MATHEMATICAL FICTION:

a list compiled by Alex Kasman (College of Charleston)

Home All New Browse Search About

...
Heavy Weather (1994)
Bruce Sterling
(click on names to see more mathematical fiction by the same author)
...

Contributed by "William E. Emba"

Tornado weather in Texas gets worse over the coming decades, and a team headed by a supergenius mathematician confronts the ultimate tornado. Includes explicit summaries of his mathematical prowess (surprisingly, not chaos theory) and of his complete social incompetence (not a surprise, I suppose).

Buy this work of mathematical fiction and read reviews at amazon.com. Amazon.com logo
(Note: This is just one work of mathematical fiction from the list. To see the entire list or to see more works of mathematical fiction, return to the Homepage.)

Works Similar to Heavy Weather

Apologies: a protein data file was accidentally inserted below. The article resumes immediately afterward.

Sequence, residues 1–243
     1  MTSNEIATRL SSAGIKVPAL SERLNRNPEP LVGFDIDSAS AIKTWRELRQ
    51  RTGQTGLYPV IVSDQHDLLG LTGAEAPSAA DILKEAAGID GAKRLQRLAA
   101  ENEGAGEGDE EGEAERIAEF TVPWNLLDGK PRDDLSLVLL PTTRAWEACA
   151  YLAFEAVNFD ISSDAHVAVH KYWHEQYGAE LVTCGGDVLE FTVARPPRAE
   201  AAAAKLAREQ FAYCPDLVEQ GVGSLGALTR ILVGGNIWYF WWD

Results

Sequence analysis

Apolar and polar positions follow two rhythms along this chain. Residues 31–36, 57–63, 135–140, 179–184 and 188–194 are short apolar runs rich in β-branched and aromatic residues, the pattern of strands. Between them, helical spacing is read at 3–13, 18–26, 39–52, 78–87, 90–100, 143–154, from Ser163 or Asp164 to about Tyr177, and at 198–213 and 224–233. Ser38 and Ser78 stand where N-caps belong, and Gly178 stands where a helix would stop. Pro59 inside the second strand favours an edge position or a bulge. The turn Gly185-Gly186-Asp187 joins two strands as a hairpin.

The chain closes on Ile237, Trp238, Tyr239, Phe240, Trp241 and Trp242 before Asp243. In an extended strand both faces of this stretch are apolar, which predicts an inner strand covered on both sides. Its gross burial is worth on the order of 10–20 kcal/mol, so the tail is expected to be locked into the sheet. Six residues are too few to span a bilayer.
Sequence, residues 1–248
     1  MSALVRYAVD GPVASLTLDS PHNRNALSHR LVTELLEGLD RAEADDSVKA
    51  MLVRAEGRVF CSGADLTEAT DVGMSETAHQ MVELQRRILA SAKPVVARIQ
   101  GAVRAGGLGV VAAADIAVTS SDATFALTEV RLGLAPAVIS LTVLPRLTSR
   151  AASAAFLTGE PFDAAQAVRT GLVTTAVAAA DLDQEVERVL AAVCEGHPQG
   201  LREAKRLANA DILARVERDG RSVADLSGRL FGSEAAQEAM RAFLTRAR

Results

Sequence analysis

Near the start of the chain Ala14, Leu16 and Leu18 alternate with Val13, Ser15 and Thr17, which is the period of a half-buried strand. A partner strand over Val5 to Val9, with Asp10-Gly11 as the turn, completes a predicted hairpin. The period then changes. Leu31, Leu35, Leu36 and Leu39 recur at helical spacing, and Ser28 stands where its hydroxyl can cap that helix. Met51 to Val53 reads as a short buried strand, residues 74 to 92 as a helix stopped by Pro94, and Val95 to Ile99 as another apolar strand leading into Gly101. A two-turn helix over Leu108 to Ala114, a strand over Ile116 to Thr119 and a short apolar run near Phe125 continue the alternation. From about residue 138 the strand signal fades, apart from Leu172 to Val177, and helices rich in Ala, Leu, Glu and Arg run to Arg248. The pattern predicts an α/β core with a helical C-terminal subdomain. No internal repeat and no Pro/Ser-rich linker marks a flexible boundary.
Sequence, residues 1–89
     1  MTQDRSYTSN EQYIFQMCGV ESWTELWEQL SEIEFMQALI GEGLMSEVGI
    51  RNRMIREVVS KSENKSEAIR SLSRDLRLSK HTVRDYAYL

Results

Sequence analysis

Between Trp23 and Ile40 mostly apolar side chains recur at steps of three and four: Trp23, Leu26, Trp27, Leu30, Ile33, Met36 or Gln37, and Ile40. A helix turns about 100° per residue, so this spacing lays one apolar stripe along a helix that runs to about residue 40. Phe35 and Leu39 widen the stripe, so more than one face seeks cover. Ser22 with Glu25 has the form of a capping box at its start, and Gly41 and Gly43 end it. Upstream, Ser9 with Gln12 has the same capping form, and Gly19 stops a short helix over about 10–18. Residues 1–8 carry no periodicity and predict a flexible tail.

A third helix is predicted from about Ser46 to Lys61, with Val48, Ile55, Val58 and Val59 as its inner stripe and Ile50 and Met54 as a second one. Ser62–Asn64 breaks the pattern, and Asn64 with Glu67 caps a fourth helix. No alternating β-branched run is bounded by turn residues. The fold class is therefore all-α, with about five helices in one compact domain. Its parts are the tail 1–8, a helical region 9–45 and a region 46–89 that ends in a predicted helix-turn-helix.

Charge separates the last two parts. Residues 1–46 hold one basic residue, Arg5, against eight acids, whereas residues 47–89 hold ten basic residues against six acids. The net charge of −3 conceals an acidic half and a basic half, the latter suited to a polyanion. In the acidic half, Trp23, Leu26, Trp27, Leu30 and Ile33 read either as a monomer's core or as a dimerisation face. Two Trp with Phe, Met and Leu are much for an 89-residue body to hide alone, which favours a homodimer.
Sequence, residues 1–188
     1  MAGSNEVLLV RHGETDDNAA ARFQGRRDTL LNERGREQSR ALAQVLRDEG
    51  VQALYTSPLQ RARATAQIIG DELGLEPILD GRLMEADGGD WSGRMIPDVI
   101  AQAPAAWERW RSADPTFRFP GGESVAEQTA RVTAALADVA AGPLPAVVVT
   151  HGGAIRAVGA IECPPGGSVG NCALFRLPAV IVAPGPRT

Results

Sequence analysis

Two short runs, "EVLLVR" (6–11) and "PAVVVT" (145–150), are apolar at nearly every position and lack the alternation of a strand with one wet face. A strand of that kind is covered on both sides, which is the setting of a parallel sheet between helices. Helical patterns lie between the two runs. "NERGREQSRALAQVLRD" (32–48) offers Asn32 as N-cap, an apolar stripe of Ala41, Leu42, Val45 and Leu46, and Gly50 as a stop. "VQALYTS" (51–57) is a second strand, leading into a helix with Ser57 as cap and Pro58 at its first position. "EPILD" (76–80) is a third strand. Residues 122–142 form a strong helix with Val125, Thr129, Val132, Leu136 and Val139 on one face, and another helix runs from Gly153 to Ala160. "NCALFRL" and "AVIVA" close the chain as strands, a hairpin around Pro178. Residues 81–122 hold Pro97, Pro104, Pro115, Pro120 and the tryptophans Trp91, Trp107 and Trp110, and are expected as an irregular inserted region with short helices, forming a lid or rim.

According to my `secret formula', the following works of mathematical fiction are similar to this one:
  1. The Difference Engine by William Gibson / Bruce Sterling
  2. The Hollow Man by Dan Simmons
  3. Chaos in Wonderland: Visual Adventures in a Fractal World by Clifford Pickover
  4. Death Qualified: A Mystery of Chaos by Kate Willhelm
  5. Habitus by James Flint
  6. Fatous Staub by Christian Mähr
  7. Distress by Greg Egan
  8. Feigenbaum Number by Nancy Kress
  9. Unstable Orbits in the Space of Lies by Greg Egan
  10. Context by John Meaney
Ratings for Heavy Weather:
RatingsHave you seen/read this work of mathematical fiction? Then click here to enter your own votes on its mathematical content and literary quality or send me comments to post on this Webpage.
Mathematical Content:
2/5 (1 votes)
..
Literary Quality:
3/5 (1 votes)
..

Categories:
GenreScience Fiction,
MotifGenius, Anti-social Mathematicians,
Topic
MediumNovels,

Home All New Browse Search About

Your Help Needed: Some site visitors remember reading works of mathematical fiction that neither they nor I can identify. It is time to crowdsource this problem and ask for your help! You would help a neighbor find a missing pet...can't you also help a fellow site visitor find some missing works of mathematical fiction? Please take a look and let us know if you have seen these missing stories anywhere!.

(Maintained by Alex Kasman, College of Charleston)